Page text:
The Coalition government has begun the first steps in its shake-up of the National Broadband Network, with Communications Minister Malcolm Turnbull announcing a widespread review of the entire project.
This comes just days after reports the entire board of the NBN Co. had resigned, following the resignation of chief executive Mike Quigley back in July. Turnbull says the resignations came as the project is due for a massive policy shift.
Turnbull yesterday sent an ‘interim statement of expectations’ to NBN Co. The rollout will continue for now and will see homes connected to fibre networks, but a strategic review may have different outcomes altogether.
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“The interim statement instructs to continue to rollout the network as rapidly and cost effectively as possible,” Turnbull said at a press conference yesterday. “The interim statement provides NBN Co. the ability to use a wider range of technologies.”
The instructions mean hundreds of thousands of homes could still be connected to fibre networks while the strategic review is undertaken. The strategic review will only commence once a new board has been appointed.
Turnbull also made a note of the NBN targets, which have been downgraded .Turnbull told the ABC last night elements of those projections are still up in the air.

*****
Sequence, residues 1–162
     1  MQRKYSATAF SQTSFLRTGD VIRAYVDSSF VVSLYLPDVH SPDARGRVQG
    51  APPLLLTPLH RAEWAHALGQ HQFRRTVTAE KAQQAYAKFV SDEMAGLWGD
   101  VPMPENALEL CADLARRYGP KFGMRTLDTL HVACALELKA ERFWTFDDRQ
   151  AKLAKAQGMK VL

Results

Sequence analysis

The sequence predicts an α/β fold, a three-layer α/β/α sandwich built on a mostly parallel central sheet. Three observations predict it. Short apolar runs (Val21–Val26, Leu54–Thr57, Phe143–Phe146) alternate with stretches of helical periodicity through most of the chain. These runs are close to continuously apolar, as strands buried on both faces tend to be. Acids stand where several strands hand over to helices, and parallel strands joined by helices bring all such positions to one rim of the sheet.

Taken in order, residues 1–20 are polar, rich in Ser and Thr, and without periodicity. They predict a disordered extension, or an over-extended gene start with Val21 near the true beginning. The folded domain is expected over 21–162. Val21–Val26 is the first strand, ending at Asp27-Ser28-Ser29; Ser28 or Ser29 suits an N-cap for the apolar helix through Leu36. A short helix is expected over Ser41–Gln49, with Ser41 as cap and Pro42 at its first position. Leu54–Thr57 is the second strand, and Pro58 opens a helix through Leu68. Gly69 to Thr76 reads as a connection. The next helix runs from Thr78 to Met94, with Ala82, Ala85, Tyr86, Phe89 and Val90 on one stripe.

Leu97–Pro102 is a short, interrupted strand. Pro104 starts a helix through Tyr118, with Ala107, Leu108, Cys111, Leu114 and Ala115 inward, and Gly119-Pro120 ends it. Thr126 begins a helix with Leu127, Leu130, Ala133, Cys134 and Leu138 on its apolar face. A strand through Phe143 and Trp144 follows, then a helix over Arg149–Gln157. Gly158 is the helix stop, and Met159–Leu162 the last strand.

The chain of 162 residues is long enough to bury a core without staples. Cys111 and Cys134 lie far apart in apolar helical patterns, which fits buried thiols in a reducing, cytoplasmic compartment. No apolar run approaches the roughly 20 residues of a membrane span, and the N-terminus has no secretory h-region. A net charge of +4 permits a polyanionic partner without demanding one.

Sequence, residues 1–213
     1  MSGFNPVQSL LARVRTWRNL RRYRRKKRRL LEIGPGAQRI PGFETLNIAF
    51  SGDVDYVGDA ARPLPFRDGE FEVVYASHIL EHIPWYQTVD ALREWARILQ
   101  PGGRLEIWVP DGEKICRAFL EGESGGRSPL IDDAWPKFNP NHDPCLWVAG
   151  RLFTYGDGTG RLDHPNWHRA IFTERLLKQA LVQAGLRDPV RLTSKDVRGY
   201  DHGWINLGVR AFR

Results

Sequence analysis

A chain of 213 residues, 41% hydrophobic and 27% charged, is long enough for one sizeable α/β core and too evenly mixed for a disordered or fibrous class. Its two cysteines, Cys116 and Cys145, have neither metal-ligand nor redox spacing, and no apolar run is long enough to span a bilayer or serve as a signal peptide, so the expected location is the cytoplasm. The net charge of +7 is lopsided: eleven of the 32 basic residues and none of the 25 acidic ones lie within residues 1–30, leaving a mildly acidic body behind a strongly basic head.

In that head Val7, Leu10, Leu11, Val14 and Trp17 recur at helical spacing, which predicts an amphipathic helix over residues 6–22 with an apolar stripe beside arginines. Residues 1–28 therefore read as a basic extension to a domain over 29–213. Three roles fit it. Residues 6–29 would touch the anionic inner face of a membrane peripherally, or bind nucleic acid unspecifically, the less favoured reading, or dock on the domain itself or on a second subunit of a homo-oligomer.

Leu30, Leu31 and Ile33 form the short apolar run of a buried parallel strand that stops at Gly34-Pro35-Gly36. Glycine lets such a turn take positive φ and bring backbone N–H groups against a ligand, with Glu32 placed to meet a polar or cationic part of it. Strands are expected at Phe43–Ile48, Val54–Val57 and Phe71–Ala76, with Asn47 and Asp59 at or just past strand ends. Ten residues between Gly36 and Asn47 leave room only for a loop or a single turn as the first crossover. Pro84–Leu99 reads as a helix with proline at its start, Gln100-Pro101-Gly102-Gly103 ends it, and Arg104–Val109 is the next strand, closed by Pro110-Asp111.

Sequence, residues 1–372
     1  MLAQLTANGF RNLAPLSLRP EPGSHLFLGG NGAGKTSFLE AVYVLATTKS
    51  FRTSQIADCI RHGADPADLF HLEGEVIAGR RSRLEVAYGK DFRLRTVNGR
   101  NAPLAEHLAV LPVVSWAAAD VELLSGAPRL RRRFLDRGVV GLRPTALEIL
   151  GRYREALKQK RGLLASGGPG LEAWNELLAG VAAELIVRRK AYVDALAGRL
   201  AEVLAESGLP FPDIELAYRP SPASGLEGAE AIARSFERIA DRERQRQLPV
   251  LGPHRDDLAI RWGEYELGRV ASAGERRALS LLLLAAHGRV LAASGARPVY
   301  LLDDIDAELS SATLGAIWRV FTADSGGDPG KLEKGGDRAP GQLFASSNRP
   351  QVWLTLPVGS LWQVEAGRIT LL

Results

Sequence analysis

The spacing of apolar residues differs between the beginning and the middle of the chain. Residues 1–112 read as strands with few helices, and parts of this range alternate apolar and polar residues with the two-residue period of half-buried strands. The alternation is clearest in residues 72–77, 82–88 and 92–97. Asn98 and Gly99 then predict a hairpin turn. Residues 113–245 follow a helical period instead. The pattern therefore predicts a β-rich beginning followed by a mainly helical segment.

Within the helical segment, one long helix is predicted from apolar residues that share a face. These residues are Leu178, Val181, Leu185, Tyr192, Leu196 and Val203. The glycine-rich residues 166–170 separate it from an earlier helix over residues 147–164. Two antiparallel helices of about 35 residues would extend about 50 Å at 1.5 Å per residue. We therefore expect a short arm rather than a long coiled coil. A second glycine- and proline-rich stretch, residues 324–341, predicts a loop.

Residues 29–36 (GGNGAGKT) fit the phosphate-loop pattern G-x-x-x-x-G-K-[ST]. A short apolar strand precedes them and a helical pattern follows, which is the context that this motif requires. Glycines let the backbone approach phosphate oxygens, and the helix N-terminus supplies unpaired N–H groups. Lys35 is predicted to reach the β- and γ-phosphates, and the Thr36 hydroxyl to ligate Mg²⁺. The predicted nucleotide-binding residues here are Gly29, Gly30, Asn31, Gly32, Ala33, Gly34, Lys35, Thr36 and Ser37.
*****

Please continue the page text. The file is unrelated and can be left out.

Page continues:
“The approach we’ve described will undoubtedly deliver it sooner and cheaper and more affordably, but the question is how much sooner, how much cheaper and how much more affordably,” he said.
Now, the government has revised its targets to just 729,000 connected homes by June 2014, down from 981,000.
Addressing speculation Turnbull had requested the resignations of the board due to bad performance, he told the ABC this view was “incorrect”.
“I’m not making any judgment about the board, there will be a strategic review of the NBN’s business situation at the moment, and how much is this project really going to cost, how long is it really going to take on the current specifications and what can we do about it?”
The strategic review is not unexpected. The government made its policy on the National Broadband Network clear during the election campaign, although there is still controversy over how the project can change to a fibre-to-the-node network.
Meanwhile, Telstra has already begun talks with the Coalition over how it can renegotiate the company’s $11.2 billion contracts regarding the sale of copper networks.
Telstra chief David Thodey has told shareholders the company won’t accept an unfair contract.
“We decided on the basis of being paid $11.2 billion we were moving on,” Thodey said at a shareholders meeting yesterday.
“The very encouraging thing Malcolm Turnbull said was that he would keep shareholders whole and that means $11.2 billion.
“If they want to change things and do different technology that’s [their] decision, but $11.2 billion means $11.2 billion.”